Research helps explain cool summer

Research helps explain cool summer

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by Rod Hill, KGW Meteorologist

kgw.com

Posted on August 9, 2010 at 8:33 PM

Updated Tuesday, Aug 10 at 7:24 AM

It's no secret that Portland's summer has been on the cool side, especially when compared to last years record heat. To date, we have had 24 cloudy mornings since July 1st, which is 10 days above average.

The lack of heat is also making news headlines. Portland has only reached 90 degrees four times this summer. The usual average through September is 13 days.

New research links last winter's warm weather, caused by a warming of Pacific waters known as El Nino, and the cooler oceanic pattern currently in place, called La Nina. Scientist believe when a rapid transition between the two takes place during the early summer months, the result is a trough pattern of low pressure over the Northwest.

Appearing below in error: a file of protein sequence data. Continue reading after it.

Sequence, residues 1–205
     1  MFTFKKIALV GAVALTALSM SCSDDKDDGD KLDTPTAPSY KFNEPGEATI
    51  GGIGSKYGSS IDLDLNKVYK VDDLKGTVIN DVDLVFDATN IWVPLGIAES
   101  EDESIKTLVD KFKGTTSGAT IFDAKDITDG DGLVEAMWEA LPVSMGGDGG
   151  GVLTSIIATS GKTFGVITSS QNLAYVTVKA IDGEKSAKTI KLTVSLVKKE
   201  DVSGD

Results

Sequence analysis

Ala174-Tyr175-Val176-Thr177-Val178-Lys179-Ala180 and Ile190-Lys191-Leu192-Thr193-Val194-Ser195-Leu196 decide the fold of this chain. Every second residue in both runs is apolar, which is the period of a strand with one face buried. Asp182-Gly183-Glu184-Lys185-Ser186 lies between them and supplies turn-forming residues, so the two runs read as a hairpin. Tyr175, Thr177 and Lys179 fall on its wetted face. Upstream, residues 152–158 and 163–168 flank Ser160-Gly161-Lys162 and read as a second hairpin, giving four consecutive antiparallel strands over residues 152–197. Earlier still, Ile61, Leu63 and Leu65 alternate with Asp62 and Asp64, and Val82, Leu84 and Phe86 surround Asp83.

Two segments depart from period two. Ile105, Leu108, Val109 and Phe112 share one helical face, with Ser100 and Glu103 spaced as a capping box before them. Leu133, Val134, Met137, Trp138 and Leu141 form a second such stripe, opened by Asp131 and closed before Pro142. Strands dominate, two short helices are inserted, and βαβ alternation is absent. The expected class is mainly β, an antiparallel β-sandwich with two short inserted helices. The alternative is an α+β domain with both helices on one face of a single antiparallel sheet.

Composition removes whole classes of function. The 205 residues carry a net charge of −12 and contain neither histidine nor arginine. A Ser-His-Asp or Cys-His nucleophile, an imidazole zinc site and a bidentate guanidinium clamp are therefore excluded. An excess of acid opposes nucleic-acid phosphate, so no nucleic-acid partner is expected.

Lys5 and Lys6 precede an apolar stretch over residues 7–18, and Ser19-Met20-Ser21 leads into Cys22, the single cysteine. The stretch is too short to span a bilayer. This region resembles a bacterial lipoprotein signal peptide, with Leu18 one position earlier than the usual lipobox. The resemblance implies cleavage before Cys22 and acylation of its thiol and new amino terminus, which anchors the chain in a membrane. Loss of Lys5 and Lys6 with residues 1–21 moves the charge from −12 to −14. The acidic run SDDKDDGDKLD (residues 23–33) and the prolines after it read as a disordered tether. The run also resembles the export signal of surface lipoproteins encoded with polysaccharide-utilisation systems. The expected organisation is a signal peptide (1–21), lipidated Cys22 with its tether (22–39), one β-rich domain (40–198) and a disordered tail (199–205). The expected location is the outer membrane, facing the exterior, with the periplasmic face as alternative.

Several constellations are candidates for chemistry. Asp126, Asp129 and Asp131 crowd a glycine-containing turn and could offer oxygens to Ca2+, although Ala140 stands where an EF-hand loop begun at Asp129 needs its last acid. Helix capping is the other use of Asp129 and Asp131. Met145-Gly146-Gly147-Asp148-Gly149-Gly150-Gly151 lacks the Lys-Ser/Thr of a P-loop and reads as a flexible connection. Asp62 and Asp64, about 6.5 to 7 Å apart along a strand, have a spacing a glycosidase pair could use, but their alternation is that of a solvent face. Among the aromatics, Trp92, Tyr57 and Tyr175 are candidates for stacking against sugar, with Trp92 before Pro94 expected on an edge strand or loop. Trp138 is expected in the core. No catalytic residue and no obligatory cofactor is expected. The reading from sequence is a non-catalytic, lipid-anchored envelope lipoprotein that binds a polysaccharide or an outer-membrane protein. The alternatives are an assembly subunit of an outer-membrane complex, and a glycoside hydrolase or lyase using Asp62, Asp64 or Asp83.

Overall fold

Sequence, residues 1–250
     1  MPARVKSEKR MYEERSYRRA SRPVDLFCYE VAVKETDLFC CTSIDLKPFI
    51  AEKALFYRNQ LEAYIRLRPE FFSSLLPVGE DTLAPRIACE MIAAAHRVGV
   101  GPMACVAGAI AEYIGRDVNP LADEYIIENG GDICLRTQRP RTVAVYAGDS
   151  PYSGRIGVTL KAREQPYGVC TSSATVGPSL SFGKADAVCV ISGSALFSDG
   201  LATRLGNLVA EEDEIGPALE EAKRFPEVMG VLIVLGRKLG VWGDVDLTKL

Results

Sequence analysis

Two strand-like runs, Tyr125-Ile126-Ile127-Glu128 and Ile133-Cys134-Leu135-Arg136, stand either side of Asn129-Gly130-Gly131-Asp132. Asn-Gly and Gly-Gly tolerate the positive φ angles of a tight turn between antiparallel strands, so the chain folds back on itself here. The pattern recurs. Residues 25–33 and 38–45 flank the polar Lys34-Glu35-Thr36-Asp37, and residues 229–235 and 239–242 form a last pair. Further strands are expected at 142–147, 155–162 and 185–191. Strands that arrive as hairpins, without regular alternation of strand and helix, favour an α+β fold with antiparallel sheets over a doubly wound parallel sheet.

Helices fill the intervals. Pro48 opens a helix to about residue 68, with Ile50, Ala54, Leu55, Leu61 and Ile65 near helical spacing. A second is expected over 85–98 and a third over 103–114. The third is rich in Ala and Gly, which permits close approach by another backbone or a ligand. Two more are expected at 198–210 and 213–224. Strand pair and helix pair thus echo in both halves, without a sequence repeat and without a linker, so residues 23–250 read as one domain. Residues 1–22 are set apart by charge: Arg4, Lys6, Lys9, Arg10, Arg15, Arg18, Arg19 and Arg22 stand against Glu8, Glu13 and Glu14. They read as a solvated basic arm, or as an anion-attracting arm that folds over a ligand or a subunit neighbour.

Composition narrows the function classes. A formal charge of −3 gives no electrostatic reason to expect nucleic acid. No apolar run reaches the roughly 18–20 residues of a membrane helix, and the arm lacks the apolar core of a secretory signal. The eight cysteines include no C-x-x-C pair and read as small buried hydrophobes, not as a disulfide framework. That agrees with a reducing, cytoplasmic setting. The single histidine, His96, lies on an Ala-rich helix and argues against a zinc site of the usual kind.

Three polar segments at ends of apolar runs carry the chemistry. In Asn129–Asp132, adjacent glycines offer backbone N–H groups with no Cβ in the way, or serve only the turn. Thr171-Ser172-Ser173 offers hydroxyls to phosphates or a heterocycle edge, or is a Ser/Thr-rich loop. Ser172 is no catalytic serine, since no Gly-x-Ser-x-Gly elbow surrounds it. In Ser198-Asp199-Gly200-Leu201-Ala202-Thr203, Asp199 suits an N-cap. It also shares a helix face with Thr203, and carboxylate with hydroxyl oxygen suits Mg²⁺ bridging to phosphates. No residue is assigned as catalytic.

A persistent trough produces a northwesterly flow and is linked to marine clouds and cool days.

So, the next time we are coming off of an El Nino winter and a La Nina is developing going into the early summer, forecasters will be talking about the likely hood of cool, cloudy summer days.

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